The logic of the competition between imperialisms is seen in professional networks structured around the new hegemonic power—the United States—competing with those built by the old "imperial societies" of Europe (Charle 2001). The competition in the exportation of expertise that is evident in the politics of development assistance is therefore played out in a triangular dynamic, where the "imported states" (Badie 1992) from the periphery represent the stakes and a laboratory to try out new technologies of governance.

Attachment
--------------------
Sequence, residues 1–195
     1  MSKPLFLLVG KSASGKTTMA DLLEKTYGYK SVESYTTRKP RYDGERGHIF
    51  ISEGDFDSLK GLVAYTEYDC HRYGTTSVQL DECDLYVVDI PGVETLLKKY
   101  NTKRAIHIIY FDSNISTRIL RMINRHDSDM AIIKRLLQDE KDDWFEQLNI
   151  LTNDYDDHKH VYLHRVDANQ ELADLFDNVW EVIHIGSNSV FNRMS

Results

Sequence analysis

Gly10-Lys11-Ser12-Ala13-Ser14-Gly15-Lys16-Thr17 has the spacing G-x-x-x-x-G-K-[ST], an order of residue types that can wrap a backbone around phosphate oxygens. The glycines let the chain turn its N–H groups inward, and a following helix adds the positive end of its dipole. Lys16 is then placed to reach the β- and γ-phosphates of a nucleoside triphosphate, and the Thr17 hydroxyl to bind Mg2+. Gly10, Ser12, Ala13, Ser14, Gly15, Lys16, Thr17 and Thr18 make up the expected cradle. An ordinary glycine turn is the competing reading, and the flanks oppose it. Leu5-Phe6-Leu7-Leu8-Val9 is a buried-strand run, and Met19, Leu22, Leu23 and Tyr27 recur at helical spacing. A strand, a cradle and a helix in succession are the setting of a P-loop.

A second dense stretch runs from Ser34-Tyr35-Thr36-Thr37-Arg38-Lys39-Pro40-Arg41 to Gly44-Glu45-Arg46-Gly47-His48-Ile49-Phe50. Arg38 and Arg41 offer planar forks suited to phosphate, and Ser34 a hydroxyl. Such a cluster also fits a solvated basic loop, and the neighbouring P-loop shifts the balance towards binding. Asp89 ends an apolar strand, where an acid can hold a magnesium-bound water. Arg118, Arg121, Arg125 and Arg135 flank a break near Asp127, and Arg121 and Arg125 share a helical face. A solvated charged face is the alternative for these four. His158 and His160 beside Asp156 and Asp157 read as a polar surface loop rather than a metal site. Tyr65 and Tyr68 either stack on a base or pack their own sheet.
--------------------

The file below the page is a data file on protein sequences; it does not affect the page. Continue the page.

World system theory provides lines of inquiry to build on the sociology of professional fields—including studies of the internationalization of the reproduction of the "state nobility" (Bourdieu 1998) and on the genesis of the international field of state power (Bourdieu 2002). The hypotheses and issues that derive from this sociology of globalization nicely extend Bourdieu's observations made about the "Esprits d'Etat" (1993) and the reproduction of the "Noblesses d'Etat" in the French national setting (1998). In this international competition over universals, the elites who dominate national professional fields mobilize resources of the national state—accumulated through more or less lengthy and more or less successful investments in the construction and perpetual reactualization of the state. The authority of these competing professional expertises, and thus their value on the international market of symbolic import and export, therefore quite depends on their success in shaping debates on state institutions at home.